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Re: Spread checkpoint sync

From: "Kevin Grittner" <Kevin(dot)Grittner(at)wicourts(dot)gov>
To: "Robert Haas" <robertmhaas(at)gmail(dot)com>, "Tom Lane" <tgl(at)sss(dot)pgh(dot)pa(dot)us>
Cc: "Greg Smith" <greg(at)2ndquadrant(dot)com>, "Josh Berkus" <josh(at)agliodbs(dot)com>, "Ron Mayer" <rm_pg(at)cheapcomplexdevices(dot)com>, "Heikki Linnakangas" <heikki(dot)linnakangas(at)enterprisedb(dot)com>, "Itagaki Takahiro" <itagaki(dot)takahiro(at)gmail(dot)com>, <pgsql-hackers(at)postgresql(dot)org>
Subject: Re: Spread checkpoint sync
Date: 2011-02-01 17:58:52
Message-ID: (view raw, whole thread or download thread mbox)
Lists: pgsql-hackers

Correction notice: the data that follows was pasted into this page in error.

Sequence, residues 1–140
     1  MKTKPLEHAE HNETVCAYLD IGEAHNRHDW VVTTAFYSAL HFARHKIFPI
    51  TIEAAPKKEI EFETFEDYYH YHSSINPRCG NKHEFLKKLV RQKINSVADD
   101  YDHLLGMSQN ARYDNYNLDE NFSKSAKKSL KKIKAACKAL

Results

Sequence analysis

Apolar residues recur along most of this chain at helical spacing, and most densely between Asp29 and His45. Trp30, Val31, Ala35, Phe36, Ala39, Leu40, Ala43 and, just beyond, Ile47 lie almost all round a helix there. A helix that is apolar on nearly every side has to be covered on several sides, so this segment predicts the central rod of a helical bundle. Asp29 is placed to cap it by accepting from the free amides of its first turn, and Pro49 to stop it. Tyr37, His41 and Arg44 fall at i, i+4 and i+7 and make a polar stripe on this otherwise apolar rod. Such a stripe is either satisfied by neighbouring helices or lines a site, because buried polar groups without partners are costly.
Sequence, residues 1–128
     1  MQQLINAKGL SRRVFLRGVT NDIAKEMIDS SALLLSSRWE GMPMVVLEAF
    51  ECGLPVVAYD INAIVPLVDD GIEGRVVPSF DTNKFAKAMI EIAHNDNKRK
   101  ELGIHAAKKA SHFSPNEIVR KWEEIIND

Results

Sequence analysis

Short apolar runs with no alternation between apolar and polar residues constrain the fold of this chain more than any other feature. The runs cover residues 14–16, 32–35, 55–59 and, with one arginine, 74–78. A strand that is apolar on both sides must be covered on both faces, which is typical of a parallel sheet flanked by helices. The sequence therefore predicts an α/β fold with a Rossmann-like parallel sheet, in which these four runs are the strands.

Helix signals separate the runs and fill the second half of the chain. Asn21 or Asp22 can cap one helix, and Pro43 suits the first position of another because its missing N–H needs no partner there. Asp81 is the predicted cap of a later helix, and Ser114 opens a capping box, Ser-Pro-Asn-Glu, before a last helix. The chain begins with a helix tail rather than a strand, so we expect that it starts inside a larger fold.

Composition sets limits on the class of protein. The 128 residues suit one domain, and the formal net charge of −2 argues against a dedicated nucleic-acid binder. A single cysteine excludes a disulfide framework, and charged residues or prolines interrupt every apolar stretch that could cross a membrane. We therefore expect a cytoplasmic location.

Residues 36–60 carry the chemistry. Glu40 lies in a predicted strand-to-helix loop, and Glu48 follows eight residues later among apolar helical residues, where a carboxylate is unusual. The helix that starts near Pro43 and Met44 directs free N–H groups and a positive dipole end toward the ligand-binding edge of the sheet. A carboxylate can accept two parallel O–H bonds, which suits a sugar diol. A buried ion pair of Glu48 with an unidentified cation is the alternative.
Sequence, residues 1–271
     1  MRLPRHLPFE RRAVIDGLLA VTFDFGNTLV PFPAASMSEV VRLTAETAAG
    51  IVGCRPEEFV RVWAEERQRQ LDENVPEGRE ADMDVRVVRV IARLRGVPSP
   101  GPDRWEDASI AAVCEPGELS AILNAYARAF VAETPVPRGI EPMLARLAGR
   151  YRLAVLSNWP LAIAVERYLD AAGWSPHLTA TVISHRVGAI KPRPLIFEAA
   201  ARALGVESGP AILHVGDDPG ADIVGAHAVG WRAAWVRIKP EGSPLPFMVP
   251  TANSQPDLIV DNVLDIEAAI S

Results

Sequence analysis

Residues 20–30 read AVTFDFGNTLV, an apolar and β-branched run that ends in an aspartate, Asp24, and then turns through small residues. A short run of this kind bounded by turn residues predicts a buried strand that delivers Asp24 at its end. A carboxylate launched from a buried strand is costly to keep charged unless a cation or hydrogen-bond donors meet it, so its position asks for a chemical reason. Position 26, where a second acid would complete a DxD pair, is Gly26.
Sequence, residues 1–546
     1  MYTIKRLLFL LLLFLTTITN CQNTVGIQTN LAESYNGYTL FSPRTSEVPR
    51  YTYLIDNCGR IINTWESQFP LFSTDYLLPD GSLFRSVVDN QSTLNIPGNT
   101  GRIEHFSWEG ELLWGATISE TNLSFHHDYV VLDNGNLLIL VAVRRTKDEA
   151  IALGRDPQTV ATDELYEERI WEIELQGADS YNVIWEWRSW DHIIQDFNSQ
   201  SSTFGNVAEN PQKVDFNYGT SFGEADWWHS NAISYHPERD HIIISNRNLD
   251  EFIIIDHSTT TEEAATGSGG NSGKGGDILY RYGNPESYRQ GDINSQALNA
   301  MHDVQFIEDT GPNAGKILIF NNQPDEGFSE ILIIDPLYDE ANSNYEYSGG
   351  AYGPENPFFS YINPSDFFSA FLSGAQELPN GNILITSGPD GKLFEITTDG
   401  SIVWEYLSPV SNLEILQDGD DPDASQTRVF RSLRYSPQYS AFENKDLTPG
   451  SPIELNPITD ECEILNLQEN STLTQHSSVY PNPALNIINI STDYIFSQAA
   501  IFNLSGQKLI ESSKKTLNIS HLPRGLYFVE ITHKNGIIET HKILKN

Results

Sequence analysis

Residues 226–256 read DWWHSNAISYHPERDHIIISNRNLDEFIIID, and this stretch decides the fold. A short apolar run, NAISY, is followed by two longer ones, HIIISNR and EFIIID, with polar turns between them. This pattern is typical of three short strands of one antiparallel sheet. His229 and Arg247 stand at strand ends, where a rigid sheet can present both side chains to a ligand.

Robert Haas <robertmhaas(at)gmail(dot)com> wrote:
> I also think Bruce's idea of calling fsync() on each relation just
> *before* we start writing the pages from that relation might have
> some merit.
What bothers me about that is that you may have a lot of the same
dirty pages in the OS cache as the PostgreSQL cache, and you've just
ensured that the OS will write those *twice*.  I'm pretty sure that
the reason the aggressive background writer settings we use have not
caused any noticeable increase in OS disk writes is that many
PostgreSQL writes of the same buffer keep an OS buffer page from
becoming stale enough to get flushed until PostgreSQL writes to it
taper off.  Calling fsync() right before doing "one last push" of
the data could be really pessimal for some workloads.

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